Frequently Asked Questions

What is Speed Flying?

The roots of this young sport go back to the late 90’s when skydivers started “ground launching” their high performance canopies for the purpose of “swooping” long portions of downhill terrain. This was superior to the short swoops they could achieve when landing from a skydive. It was also a lot cheaper!  Although these high performance canopies had great flying characteristics, they were not meant for inflating in this fashion, and the paragliding industry saw the opportunity to develop wings designed specifically for this purpose. Other great advancements included the addition of adjustable wing pitch (trimmers), highly efficient airfoils and a variety of harness designs. The early community of pilots adopted the name Speed Flying for this brand new sport. It has become the easiest and least expensive flying sport to learn, but is also one of the most exciting!

Is Speed Flying dangerous?

Like any other flying or adventure sport, there will always be risks, which can be managed and minimized with the right training and attitude. A pilot with modern gear and good judgement can fly injury-free well into old age. Of course, you can also take the opposite approach, continually scaring yourself, and perhaps get lucky enough to escape injury. We obviously don’t condone this behavior, and steer well clear of those who do.

How long does it take to learn?

One of the greatest beauties of Speed Flying is how quickly it can be learned. A complete beginner with no previous flying or skydiving experience can develop the necessary skills to fly safely on their own in 5 days. We have over 400 past students that can attest to this!  This is possible because Speedfly Soboba is blessed with the ultimate training location: a massive and perfectly sloped Southwest facing mountain with a large privately owned landing area at its base, 4 minute ATV rides to launch, awesome Southern California weather, and a progressive attitude of the local pilots and instructors.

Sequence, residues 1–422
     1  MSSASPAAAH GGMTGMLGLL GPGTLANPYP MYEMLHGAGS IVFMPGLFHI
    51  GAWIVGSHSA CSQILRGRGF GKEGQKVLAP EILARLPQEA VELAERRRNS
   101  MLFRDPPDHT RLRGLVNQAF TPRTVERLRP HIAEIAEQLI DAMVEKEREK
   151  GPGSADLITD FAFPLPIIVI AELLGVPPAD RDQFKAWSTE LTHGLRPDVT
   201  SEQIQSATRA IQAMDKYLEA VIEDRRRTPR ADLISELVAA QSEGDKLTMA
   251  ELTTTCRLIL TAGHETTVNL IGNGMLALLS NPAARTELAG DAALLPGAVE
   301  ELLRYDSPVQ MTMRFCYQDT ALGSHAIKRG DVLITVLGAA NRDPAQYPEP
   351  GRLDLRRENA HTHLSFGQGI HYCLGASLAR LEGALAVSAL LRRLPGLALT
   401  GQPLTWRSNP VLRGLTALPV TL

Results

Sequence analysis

How is it different from paragliding?

Speed flying pilots are looking to zip down the mountain fighter pilot style, while paragliding pilots are trying to strategically capitalize on varying types of natural lift in order to climb high and fly far. One analogy would be comparing wind surfing to sailing a large boat. The core difference between speed flying and paragliding equipment is the wing size. But this translates into major differences in the difficulty of managing the wing in the various flying scenarios. The smaller wing will require quicker reaction times and more finesse with the higher speed landings, but the larger wing is harder to wrangle when launching and much more susceptible to turbulence and drift.

How much does the equipment cost?

One of the biggest reasons for the rapid growth of Speed Flying is the relatively low cost of the equipment. It is by far the least expensive flying sport. A complete kit consists of a wing, harness and helmet. All of this can be purchased brand new for under $2500. By comparison, you are looking at $5500 for a complete paragliding setup, and even more for a skydiving rig. BASE jumping gear can be had for about the same as speed flying gear, but you need to first spend $15,000 in skydiving training, equipment and 200 jumps to be ready for BASE. Don’t get us wrong… we do all of these other sports and love them, but speed flying has by far the biggest bang for the buck.

Do you teach paragliding and paramotoring too?

We sure do!

It looks so easy. I can just get my buddy to teach me, right?